QUICKLINKS AND VIEW OPITONS
Temporarily Able By Dr. Malcolm Kendrick (The definition of health)
Monday, February 22, 2010 10:27 am Email this article
Some time ago, I was looking through the latest definitions of various states of health. I can’t remember why. I think I was writing a paper on multiple sclerosis and trying to establish the various stages that you may progress through, from fully fit and able to bed bound and incapable of feeding yourself.
All types of health “states” were catalogued for all sorts of diseases. However, the really depressing definition was left to last. Someone with no disease or disability of any sort — the type of person you or I might call “healthy” — was defined as temporarily able. As if health is a strange abnormal state, which, happily, given a bit of time, will revert to the more normal human condition of illness.
(This article was written by Malcolm Kendrick, MD, author of the wonderful, eye-opening, paradigm-shifting book The Great Cholesterol Con: The Truth About What Really Causes Heart Disease and How to Avoid It .) UK Introduced Screening for Bowel Cancer
Is this a good thing?
For some reason, this memory sprang into my mind when it was announced that the United Kingdom is going to introduce bowel-cancer screening for everyone between the ages of 60 and 70 as part of our new Brave New World of enforced healthiness for all. An announcement that left me profoundly depressed.
Despite my misgivings, however, I have to admit that, in general, most people seem ecstatic about the introduction of yet more health screening. It seems to be a self-evidently good thing. Pick up a disease early, especially cancer, and you can cure it. But if it were left for a few more years, it would be deadly. Who could possibly object to that? Anything that stops people from dying must be a good thing, mustn’t it? Stop being an old curmudgeon.
Stopping People from Living
It is not just how long we live, but how our lives are lived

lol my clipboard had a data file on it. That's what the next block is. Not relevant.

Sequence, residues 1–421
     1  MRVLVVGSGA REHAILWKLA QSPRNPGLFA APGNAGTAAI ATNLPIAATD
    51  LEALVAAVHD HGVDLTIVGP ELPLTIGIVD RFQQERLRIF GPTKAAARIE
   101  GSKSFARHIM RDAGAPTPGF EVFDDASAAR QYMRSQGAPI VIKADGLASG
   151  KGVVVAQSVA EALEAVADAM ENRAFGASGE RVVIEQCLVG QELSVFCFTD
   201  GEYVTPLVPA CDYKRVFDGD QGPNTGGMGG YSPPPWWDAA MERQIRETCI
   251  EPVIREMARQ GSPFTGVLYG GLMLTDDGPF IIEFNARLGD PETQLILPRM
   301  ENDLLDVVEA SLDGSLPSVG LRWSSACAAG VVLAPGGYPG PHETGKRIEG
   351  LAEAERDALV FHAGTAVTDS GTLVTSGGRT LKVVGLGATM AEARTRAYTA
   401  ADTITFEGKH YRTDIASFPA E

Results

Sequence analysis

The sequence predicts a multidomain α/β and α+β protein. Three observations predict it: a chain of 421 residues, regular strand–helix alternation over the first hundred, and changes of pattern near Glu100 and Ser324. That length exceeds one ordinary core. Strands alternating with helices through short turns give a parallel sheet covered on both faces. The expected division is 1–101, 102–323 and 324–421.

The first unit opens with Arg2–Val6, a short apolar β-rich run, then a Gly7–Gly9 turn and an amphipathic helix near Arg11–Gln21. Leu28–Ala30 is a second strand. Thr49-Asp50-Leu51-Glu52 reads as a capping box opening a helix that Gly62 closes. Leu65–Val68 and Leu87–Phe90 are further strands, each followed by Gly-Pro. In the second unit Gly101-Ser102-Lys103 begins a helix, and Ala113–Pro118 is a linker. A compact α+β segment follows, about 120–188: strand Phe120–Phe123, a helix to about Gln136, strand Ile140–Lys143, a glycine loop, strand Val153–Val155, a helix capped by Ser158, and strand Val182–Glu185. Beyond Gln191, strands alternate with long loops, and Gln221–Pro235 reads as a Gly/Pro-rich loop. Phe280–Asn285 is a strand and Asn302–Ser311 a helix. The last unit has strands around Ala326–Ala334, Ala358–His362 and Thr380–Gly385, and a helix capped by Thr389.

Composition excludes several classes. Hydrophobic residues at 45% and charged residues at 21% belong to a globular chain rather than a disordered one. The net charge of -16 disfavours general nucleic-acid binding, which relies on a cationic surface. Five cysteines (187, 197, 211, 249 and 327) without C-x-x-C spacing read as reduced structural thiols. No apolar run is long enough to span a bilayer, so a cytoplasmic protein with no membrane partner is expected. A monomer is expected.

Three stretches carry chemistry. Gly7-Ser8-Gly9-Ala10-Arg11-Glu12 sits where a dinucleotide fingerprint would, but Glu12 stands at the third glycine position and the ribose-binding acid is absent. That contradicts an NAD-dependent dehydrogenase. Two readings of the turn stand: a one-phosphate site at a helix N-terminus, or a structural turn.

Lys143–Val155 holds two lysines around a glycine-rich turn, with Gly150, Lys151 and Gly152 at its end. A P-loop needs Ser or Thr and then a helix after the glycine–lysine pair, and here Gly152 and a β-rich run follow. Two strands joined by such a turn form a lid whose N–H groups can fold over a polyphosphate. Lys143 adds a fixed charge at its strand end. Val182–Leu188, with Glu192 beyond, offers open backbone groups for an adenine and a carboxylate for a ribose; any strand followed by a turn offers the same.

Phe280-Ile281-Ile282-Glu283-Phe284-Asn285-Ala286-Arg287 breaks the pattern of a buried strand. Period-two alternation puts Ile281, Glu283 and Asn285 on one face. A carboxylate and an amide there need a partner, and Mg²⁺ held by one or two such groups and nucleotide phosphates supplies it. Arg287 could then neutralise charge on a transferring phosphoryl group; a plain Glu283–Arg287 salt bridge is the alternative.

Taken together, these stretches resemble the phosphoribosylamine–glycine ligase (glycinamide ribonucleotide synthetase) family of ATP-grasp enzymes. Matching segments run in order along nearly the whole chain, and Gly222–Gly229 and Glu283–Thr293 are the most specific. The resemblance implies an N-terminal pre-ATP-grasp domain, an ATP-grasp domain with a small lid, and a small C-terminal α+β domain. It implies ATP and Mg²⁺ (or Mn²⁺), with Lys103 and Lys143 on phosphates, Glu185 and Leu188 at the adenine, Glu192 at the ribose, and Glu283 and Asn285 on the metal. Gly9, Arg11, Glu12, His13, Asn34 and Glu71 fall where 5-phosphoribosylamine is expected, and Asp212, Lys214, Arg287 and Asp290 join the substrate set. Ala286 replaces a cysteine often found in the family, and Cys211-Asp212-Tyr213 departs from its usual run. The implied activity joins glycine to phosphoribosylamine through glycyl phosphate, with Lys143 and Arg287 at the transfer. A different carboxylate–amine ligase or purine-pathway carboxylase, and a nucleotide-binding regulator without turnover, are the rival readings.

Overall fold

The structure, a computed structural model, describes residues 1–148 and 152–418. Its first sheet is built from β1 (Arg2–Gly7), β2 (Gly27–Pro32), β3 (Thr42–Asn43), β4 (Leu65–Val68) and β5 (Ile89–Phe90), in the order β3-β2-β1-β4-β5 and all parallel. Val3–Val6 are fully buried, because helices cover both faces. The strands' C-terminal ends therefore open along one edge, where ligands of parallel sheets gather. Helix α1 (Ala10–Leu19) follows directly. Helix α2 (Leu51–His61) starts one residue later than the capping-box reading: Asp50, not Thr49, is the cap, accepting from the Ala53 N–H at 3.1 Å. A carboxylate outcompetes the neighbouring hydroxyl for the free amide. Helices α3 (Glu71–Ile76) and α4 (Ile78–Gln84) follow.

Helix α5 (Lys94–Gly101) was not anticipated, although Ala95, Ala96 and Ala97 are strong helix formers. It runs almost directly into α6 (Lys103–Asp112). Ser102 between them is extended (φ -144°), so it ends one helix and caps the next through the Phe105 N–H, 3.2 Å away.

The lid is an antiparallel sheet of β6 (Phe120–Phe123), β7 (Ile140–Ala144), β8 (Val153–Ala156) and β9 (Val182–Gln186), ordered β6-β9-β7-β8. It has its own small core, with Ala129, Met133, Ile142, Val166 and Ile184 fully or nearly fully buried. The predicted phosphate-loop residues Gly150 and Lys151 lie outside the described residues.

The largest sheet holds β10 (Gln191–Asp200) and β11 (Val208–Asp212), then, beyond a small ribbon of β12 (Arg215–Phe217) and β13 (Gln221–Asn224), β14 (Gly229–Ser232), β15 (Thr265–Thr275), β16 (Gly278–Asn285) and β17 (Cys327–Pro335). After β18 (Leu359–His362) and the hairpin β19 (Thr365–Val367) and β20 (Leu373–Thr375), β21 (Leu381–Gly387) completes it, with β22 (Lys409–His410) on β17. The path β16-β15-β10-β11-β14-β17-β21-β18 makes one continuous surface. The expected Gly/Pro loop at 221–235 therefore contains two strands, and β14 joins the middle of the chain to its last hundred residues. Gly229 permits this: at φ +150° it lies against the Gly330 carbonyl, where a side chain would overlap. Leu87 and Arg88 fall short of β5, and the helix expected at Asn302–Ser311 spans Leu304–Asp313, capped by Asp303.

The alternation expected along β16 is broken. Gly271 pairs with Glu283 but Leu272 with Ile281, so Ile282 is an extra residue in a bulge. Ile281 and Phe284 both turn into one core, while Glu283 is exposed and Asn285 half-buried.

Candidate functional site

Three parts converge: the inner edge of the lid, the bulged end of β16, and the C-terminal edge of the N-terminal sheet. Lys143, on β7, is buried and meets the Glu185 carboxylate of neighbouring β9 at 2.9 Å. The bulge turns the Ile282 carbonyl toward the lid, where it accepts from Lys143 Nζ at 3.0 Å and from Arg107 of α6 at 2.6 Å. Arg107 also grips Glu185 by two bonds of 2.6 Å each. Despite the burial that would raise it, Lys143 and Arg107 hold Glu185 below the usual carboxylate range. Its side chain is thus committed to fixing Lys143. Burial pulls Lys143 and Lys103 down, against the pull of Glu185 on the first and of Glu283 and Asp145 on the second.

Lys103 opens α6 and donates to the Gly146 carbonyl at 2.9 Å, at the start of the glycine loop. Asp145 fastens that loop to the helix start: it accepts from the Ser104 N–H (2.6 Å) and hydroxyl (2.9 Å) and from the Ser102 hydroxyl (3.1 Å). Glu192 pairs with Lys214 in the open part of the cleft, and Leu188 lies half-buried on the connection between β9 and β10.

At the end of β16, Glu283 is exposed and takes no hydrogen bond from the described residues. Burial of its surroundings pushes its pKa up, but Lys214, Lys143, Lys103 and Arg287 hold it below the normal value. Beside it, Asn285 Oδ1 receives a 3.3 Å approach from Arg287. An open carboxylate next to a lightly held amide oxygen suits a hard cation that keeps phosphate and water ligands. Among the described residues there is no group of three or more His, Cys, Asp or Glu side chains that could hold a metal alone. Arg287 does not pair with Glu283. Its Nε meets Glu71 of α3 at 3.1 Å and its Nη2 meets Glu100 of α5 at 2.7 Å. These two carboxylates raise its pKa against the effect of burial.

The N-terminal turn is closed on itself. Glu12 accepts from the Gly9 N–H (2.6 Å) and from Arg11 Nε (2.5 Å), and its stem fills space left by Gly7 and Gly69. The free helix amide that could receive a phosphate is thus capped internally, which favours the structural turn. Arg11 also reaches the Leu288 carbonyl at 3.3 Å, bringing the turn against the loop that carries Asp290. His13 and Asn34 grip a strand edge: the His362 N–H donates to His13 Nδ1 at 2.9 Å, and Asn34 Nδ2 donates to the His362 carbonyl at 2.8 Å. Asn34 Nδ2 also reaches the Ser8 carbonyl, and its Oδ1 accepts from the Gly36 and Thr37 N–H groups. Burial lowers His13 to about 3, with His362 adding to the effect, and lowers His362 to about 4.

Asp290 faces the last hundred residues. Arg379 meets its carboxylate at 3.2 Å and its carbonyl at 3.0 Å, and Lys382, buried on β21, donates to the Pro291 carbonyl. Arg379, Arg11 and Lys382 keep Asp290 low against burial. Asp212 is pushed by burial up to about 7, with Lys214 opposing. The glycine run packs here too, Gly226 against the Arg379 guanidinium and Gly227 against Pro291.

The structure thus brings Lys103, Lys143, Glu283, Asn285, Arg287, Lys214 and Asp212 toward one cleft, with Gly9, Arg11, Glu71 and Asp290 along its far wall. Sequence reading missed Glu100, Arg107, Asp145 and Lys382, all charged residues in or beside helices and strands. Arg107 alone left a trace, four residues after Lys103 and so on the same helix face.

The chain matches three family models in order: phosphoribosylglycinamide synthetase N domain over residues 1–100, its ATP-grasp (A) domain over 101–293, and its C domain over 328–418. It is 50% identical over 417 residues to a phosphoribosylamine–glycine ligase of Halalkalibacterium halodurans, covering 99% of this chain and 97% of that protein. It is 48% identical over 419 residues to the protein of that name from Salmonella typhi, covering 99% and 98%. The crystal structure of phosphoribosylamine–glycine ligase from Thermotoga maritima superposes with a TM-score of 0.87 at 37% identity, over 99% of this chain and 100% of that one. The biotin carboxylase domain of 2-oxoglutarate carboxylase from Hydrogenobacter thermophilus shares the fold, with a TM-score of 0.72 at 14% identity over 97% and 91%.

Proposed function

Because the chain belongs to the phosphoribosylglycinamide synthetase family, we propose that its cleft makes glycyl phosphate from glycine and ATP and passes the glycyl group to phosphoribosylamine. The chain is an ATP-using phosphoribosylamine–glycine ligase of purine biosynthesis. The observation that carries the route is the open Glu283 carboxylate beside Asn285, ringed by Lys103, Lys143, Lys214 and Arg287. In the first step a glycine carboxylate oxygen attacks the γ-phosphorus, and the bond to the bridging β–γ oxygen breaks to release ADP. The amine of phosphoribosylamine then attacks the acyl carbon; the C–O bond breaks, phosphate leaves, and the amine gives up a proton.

I don’t know…. Somehow all this screening and monitoring and treating things like raised blood pressure with drugs — for the rest of your life — seems to me to be in danger of stopping people from living, not dying. It may seem trite to say “no one gets out of life alive.” This attitude is often dismissed as defeatist or nihilist. But I think it is critically important how our lives are lived — not just how long they are.
So many tests lead to many false positives and cause people unnecessary worry and anxiety
Even from a purely practical perspective, I have doubts. If two million people are sent kits through the post to test for blood in the faeces (how lovely), around five percent will test positive. That is 100,000 positive tests. Around 90 percent of these will be false positive, by which I mean the test will come back positive for a variety of different reasons, not cancer.
So, 90,000 people will be scared witless. (I was going to say *#$tless, but it didn’t seem appropriate.) They will all undergo colonoscopy, an unpleasant and costly procedure, and then be pronounced “healthy” — sort of. Despite this, many of them will become horribly worried and a certain number will suffer chronic anxiety. Believe me; I see them in surgery every day.
If, on the other hand, you decide to throw the kit away in a fit of deranged personal liberty, you will be reminded and chided for years that you really should take the test — it’s for your own good, don’t you know.
Is It Worth It?
I’m not sure if I want to live in a world where we are all considered to be ill
I don’t know. There are always those who will say that even if one life is saved, it is worth any price. But I am not so sure. After all, we accept tens of thousands of deaths each year for the convenience of driving cars. Why won’t we accept a few hundred more deaths a year for the freedom of living without added anxiety and fear in our lives?
As readers of Red Flags are probably aware, if you screened everybody for every illness, everybody would be found to have an illness — even if many of these findings would be false positive. And if everyone is ill, then everyone needs treatment of some sort. And I am not sure whether I want to live in a world where we are all considered to be ill, and under the command of the medical profession. For now, I am temporarily able and I would like to stay that way.
Article Previous Published on THINCS.org
This article was previously published on THINCS.org
This article was previously published on THINCS.org (The International Network of Cholesterol Skeptics).
I republished the article here with Dr. Kendrick’s permission.
Malcolm Kendrick’s Contact Info
Malcolm Kendrick, MD is the author of the wonderful, eye-opening, paradigm-shifting book book The Great Cholesterol Con: The Truth About What Really Causes Heart Disease and How to Avoid It .)
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